The acute toxicity of trivalent arsenic is greater than that of the pentavalent form. The 50% lethal dose of arsenic trioxide in mice by the oral route varies from 15 to 48 mg/kg bw, whereas the acute lethal dose in humans varies from 1 to 3 mg/kg bw. In chronic toxicity studies, arsenic inhibits mitochondrial respiration and induces apoptosis accompanied by a loss of the mitochondrial transmembrane potential. Metallothionein is thought to have a protective effect against the toxicity of arsenic.
Arsenic can modify the urinary excretion of porphyrins in animals and humans. It also interferes with the activities of several enzymes of the haeme biosynthetic pathway. The major abnormalities in urinary porphyrin excretion in chronically exposed humans are (a) significant reductions in coproporphyrin III excretion, resulting in a decrease in the ratio of coproporphyrinogen oxidase III to coproporphyrinogen oxidase I and (b) significant increases in uroporphyrin excretion.
Exposure to arsenite or arsenate results in generation of reduced oxygen species in laboratory animals and human cells. Exposure to arsenicals either in vivo or in vitro in a variety of model systems causes induction of a number of major stress-protein families such as heat-shock proteins. Recent studies in animals demonstrated altered gene expression following acute treatment with arsenic that included DNA repair genes, activation of transcription factors, such as activator protein 1, and an increase in pro-inflammatory cytokines. All of these events could play a role in the toxicity of arsenic.
Few studies have been conducted on the immunotoxicity of arsenic. All arsenic compounds evaluated in mouse spleen cells suppressed plaque-forming cell responses to sheep erythrocytes and proliferative response to mitogens. Furthermore, arsenic impaired stimulation and proliferation of human lymphocytes in vitro. Recent studies suggest that apoptosis may be an important mechanism for arsenic-induced immunosuppression.
Experimental animal studies have demonstrated the developmental toxicity of trivalent and pentavalent arsenic, monomethylarsonic acid and dimethylarsinic acid. Limited human data suggest that exposure to high concentrations of arsenic in drinking-water during pregnancy may increase fetal and neonatal mortality.
The genotoxicity of arsenic is due largely to the trivalent arsenicals. In humans, arsenic is a chromosomal mutagen (an agent that induces mutations involving more than one gene, typically large deletions or rearrangements). Arsenic appears to have limited ability to induce point mutations. Elevated frequencies of micronuclei, chromosomal aberrations and aneuploidy were detected in the peripheral lymphocytes or urothelial cells, or both, of people exposed to elevated levels of arsenic. In vitro, arsenic was not a point mutagen in bacteria. In mammalian cells, arsenic caused various types of chromosomal mutations and aneuploidy. In combination with many genotoxic agents, including ultraviolet light, arsenic was a synergistic co-mutagen. In vitro, arsenite was genotoxic at micromolar concentrations. Arsenate was approximately one order of magnitude less genotoxic than arsenite, dimethylarsinic acid and monomethylarsonic acid induced genotoxicity at millimolar concentrations.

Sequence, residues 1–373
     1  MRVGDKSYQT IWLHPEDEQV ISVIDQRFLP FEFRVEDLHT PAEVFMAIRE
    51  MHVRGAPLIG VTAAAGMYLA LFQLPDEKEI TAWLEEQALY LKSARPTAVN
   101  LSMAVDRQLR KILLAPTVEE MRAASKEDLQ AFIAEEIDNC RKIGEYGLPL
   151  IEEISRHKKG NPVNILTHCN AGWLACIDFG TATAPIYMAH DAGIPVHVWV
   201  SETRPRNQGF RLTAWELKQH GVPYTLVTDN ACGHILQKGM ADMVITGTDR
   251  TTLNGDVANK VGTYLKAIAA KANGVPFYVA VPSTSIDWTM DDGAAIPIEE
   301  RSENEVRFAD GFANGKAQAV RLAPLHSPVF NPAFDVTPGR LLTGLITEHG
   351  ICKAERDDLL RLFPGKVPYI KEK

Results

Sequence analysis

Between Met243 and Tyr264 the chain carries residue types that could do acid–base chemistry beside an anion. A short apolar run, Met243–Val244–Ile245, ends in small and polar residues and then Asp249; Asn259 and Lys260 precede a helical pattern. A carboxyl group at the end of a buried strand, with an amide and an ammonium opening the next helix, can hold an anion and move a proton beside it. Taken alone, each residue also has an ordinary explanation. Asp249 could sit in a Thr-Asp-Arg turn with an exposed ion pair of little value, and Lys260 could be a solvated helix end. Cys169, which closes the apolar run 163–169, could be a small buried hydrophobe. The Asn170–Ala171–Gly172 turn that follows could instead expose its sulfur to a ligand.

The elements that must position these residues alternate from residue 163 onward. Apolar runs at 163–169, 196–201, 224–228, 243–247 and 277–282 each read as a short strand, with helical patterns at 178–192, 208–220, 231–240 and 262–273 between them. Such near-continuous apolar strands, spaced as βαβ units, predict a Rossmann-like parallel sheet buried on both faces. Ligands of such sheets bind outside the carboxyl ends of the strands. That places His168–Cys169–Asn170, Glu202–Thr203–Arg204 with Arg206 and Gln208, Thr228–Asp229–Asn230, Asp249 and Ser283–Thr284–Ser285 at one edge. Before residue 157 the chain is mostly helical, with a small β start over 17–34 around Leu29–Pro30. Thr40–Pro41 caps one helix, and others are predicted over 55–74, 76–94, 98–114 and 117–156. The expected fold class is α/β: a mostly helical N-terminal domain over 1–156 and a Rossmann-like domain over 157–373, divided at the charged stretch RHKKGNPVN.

Methylarsenous acid and dimethylarsinous acid are intermediary metabolites in the methylation of arsenic. Their genotoxicity has not been fully established, but recent results implicate a major role for these metabolites and reduced (reactive) oxygen species in the induction of urinary bladder cancer in rats.
There is sufficient evidence in humans that arsenic in drinking-water causes cancers of the urinary bladder, lung and skin.
There is sufficient evidence in experimental animals for the carcinogenicity of dimethylarsinic acid.
There is limited evidence in experimental animals for the carcinogenicity of sodium arsenite, calcium arsenate and arsenic trioxide.
There is inadequate evidence in experimental animals for the carcinogenicity of sodium arsenate and arsenic trisulfide.
Taken together, the studies on inorganic arsenic provide limited evidence for carcinogenicity in experimental animals.
Arsenic in drinking-water is carcinogenic to humans (Group 1).
For definition of the italicized terms, see Preamble Evaluation.
Last updated: 29 September 2004
See Also: Toxicological Abbreviations